Amy’s second baby, William died from an infection of CMV. Amy talks about the personal cost of CMV and the impact it has had on her family.
“Our baby was due on Christmas Day. We were so excited. I’d previously had a successful pregnancy with our first son Dylan and had no reason to think this would be anything different. Our optimism ended at the 20-week anomaly scan when we found out something was wrong. The first inkling we had was when the sonographer said she couldn’t see what she needed to see and asked us to go for a walk. We returned but she still couldn’t see what she needed to, so asked us to sit and wait for the consultant obstetrician.
“After a long and worrying wait we saw the consultant. After the scan she told us it looked like our baby had something genetic or chromosomally wrong. She suggested we got a second opinion at an emergency appointment the next day. We returned to the hospital on Friday but there was no one available to see us so we went to another hospital. There they told us it was not a chromosome problem but a viral one that has caused our baby to become severely anaemic. They suggested it was either Parvovirus B19 or CMV.
“A foetal blood transfusion can help in infections of slapped cheek so we went for an emergency blood transfusion that evening. The transfusion was a success and we left knowing our baby’s heart was still beating. When we got home the first thing we did was research CMV. I came across CMV Action called the helpline who put me in touch with a trustee who had lost their baby to CMV.
“We spent the weekend keeping busy with our then two-year-old son Dylan. I can only describe that time like watching a movie, it felt like it was happening to someone else. On Monday the community midwife came to listen to our baby’s heartbeat. She couldn’t find it and asked us to go to hospital to see the consultant. That Monday afternoon we found out William’s heart had stopped beating. The conversation then turned to how I was going to give birth.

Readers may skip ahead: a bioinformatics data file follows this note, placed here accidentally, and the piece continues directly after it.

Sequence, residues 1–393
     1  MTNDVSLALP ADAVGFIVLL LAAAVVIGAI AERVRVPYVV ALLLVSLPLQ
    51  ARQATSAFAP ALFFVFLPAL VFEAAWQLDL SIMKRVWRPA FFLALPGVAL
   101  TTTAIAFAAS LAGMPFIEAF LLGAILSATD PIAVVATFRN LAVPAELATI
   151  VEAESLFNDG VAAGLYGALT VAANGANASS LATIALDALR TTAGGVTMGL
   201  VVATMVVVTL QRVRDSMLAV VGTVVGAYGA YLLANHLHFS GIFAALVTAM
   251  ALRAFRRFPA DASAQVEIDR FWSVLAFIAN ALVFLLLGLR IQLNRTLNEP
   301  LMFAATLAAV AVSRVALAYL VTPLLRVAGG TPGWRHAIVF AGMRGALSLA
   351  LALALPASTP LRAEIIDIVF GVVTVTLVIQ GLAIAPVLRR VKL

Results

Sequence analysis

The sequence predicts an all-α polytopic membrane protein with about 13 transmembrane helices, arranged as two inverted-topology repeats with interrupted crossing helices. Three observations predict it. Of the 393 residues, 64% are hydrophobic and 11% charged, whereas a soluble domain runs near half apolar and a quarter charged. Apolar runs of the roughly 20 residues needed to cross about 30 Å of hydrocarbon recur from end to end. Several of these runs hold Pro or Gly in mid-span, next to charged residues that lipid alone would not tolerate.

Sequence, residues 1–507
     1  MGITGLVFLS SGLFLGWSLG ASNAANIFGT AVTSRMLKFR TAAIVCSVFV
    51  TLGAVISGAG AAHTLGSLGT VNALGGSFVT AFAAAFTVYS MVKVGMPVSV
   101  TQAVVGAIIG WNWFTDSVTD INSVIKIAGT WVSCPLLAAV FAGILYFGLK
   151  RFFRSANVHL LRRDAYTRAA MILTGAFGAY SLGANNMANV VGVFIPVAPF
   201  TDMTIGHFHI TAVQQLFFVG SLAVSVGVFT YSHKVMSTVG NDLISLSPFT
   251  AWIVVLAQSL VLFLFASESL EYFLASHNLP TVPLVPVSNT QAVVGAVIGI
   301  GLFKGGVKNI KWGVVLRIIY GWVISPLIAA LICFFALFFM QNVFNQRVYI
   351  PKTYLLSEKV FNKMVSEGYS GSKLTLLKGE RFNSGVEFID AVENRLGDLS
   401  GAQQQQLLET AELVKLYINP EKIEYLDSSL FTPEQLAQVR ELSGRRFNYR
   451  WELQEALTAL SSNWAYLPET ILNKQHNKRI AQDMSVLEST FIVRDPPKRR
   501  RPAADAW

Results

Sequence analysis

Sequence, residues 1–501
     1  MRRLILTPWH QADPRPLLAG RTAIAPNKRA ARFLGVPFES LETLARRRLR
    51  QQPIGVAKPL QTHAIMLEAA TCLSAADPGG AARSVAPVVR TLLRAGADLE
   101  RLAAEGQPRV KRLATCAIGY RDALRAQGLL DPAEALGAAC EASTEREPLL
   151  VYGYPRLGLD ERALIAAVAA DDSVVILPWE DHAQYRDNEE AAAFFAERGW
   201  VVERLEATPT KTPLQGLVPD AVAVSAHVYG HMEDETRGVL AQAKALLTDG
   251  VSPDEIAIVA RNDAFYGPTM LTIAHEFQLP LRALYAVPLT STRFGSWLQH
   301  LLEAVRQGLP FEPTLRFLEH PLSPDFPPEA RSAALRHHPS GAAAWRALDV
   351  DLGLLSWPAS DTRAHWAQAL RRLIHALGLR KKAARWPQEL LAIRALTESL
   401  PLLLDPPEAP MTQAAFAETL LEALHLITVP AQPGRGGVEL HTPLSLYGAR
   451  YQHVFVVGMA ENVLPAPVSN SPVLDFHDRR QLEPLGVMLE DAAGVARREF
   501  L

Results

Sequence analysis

“I took some medicine to induce labour and delivered William on Thursday. By Friday we were home. I look back now on what was seven days of craziness. Two days later the results from the blood transfusion showed William’s viral load was very high, almost four times above the level needed for CMV to be detected.
“We had my pregnancy booking bloods analysed to find out when I caught CMV. The results showed that at eight weeks I caught CMV for the first time. I remember having a little bit of a cold, but nothing really notable.
“I had heard of Parvovirus (slapped cheek), been warned about toxoplasmosis and listeria but had never heard of CMV. I feel so frustrated because I had read extensively on how to have a successful pregnancy. I was careful when gardening or changing the cat’s litter trays. I avoided any food or drink that could be potentially damaging but sadly I had no idea about preventative measures I could take to stop catching CMV.
“I know from CMV Action the preventive measures to avoid catching CMV so I adopted them into my everyday life before I got pregnant. It was actually really easy. Then, I found out I was pregnant a year to the day William’s heart stopped beating – that was very emotional.
“I felt anxious throughout my pregnancy. I wasn’t considered high risk, but because of my previous experience I was offered additional reassurance scans and was under consultant led care. I was especially anxious when I got to the 20-week scan. I was lucky all the midwives were very aware of what had happened to me, and they were also aware of CMV. The support I received from the bereavement midwife continued well into my pregnancy with Sophie.
“I am determined to use our experience to help others. And I am especially determined to raise awareness of CMV to stop it causing damage to more babies.”